23.SparkRDMA • RDMA-powered ShuffleManager PageRank 19GB plugin for Apache Spark • Similarly spec 8 node cluster: TeraSort 320GB – On-prem: 100GbE RoCE – Cloud: Azure ”h16mr” instances with 56Gbps InfiniBand 0 1000 2000 On-prem non-RDMA 100GbE On-prem RDMA 100GbE • https://github.com/Mellanox/SparkRDMA Azure IPoIB 56Gbps Azure RDMA 56Gbps #UnifiedAnalytics #SparkAISummit 23

24.SparkRDMA on Azure • Azure HC cluster: PageRank - 19GB – 100 Gbps InfiniBand – 16 Spark Workers/HDFS DataNodes RDMA (100 Gbps) – Separate NameNode IPoIB (100 Gbps) TeraSort - 320 GB – Data folder hosted on SSD – HiBench Benchmarks (gigantic) • Spark 2.4.0, Hadoop 2.7.7, SparkRDMA 3.1 0 100 200 300 400 500 600 Execution Time (s) #UnifiedAnalytics #SparkAISummit 24

25. HDFS-RDMA on Azure TestDFSIO (Write) Execution Time 400 • OSU HDFS RDMA 0.9.1 Ethernet (40 Gbps) 350 • Based on Hadoop 3.0.0 IPoIB (100 Gbps) RDMA (100 Gbps) • http://hibd.cse.ohio-state.edu/#hadoop3 300 • HDFS on HC cluster 250 Time (sec) • 1 NameNode 200 • 16 DataNodes 150 • Data folder hosted on SSD 100 • Packet Size: 128KB 50 • Containers per Node: 32 0 512GB 640GB 768GB 896GB 1TB Size (bytes) #UnifiedAnalytics #SparkAISummit 25

26. Memcached-RDMA on Azure Memcached SET Memcached GET 180 180 Ethernet (40 Gbps) IPoIB (100 Gbps) 160 160 RDMA (100 Gbps) 140 Latency (us) 140 120 Latency (us) 120 100 100 80 80 60 60 40 40 20 20 0 0 1 2 4 8 16 32 64 128 256 512 1K 2K 4K 1 2 4 8 16 32 64 128 256 512 1K 2K 4K Message Size (bytes) Message Size (bytes) • OSU Memcached RDMA 0.9.6 • Experiment run on HC Nodes • Based on Memcached 1.5.3 and • Memcached GET (8 B) Latency – 5.5us libmemcached 1.0.18 • Memcached SET (8 B) Latency – 6.45us • http://hibd.cse.ohio-state.edu/#memcached #UnifiedAnalytics #SparkAISummit 26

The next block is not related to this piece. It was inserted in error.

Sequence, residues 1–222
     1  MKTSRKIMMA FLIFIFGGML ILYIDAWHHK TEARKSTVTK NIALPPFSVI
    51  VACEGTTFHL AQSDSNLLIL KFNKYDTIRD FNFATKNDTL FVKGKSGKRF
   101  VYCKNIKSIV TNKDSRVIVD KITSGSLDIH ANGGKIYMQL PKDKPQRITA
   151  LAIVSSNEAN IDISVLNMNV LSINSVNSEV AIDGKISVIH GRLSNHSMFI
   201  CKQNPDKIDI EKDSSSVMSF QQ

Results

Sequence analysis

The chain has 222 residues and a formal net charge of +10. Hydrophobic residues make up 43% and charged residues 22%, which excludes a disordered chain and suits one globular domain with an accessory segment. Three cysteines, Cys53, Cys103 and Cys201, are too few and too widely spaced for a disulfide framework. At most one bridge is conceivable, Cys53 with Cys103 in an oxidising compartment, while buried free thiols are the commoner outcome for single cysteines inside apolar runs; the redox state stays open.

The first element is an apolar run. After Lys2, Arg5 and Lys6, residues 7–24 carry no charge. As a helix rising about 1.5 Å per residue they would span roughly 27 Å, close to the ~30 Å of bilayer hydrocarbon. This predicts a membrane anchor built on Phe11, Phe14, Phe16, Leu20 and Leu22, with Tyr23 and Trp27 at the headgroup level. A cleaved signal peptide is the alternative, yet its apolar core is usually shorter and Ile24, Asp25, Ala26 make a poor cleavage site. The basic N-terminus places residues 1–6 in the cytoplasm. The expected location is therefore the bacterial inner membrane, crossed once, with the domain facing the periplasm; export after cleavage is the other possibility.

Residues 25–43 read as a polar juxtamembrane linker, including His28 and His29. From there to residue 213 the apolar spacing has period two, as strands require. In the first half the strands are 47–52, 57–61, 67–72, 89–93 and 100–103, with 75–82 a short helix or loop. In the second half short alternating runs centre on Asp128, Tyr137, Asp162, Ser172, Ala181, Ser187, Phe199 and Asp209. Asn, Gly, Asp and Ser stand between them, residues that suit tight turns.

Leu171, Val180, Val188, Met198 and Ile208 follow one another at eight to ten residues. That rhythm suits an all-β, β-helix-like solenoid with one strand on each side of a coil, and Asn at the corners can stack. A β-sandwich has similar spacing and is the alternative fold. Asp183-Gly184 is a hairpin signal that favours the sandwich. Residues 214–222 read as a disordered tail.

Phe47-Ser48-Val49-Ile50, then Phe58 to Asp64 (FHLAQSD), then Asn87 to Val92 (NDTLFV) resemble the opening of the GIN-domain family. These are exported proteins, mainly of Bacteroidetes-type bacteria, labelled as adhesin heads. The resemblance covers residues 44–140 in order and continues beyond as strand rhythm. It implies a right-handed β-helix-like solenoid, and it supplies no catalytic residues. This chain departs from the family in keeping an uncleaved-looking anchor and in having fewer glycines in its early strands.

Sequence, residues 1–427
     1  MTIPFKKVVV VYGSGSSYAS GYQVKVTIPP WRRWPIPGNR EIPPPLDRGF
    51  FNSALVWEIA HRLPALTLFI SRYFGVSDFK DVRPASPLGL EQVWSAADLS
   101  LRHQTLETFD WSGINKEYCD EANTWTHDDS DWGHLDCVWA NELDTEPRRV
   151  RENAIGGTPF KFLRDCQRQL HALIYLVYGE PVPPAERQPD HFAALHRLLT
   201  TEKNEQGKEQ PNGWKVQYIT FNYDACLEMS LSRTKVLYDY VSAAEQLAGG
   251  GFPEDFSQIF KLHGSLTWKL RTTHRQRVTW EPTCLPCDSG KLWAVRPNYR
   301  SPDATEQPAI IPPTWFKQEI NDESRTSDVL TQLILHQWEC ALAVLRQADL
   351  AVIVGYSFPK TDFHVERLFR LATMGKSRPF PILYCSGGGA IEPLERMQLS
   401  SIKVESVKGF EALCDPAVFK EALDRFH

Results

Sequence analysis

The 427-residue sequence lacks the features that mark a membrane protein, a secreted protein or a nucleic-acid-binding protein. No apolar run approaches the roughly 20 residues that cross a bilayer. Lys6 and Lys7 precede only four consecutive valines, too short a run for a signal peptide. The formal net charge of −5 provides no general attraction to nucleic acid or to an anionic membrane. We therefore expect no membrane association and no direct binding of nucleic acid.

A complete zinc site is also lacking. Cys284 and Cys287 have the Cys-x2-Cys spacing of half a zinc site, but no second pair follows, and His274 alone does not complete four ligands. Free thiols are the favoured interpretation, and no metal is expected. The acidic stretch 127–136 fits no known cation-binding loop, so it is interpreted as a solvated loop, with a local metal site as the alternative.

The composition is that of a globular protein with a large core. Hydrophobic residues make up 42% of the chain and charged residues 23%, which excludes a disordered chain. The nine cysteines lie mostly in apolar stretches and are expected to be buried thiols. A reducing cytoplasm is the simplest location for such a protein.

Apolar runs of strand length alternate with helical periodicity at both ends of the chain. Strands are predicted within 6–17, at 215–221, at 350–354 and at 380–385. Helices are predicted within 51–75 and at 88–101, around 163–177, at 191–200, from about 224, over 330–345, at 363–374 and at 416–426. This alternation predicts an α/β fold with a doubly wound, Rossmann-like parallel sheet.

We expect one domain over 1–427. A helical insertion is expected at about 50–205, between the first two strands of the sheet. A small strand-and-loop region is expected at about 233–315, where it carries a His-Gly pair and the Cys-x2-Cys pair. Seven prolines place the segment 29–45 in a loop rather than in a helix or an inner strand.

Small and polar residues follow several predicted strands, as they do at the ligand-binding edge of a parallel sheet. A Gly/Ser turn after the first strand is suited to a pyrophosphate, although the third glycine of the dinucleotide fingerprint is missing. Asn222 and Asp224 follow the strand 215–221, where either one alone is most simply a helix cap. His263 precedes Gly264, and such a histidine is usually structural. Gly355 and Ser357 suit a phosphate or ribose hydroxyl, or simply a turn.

27. Kafka-RDMA on Azure Kafka Producer Latency Kafka Producer Bandwidth 400 70 IPoIB (100 Gbps) RDMA (100 Gbps) IPoIB (100 Gbps) RDMA (100 Gbps) 350 60 Bandwidth (MB/s) 300 50 Time (s) 250 40 200 30 150 100 20 50 10 0 0 Producer Producer • HC cluster • OSU Kafka RDMA 0.9.1 • Broker with 100 GB Ramdisk • Based on Apache Kafka 1.0.0 • Record Size – 100 bytes • http://hibd.cse.ohio-state.edu/#kafka • Number of Records – 500000 #UnifiedAnalytics #SparkAISummit 27

28.Horovod on Azure 1600 100.00 100.00 98.86 98.37 96.78 96.94 • Tensorflow 1.13 1400 95.58 94.93 95.00 – ResNet-50 Training 90.00 1200 – Partial ImageNet Data IPoIB (100 Gbps) 85.00 RDMA (100 Gbps) – Batch Size = 64 per worker Images/second 1000 % Efficiency IPoIB Efficiency 80.00 – 2 workers per node 800 RDMA Efficiency 75.00 – Total batches 100 70.00 – CPU only version 600 65.00 • HC Cluster 400 60.00 – OpenMPI 4.0 + UCX 1.5 200 – Singularity container 55.00 • ~97% Scaling efficiency 0 2 4 8 16 50.00 # nodes #UnifiedAnalytics #SparkAISummit 28

29.Wrapping up #UnifiedAnalytics #SparkAISummit 29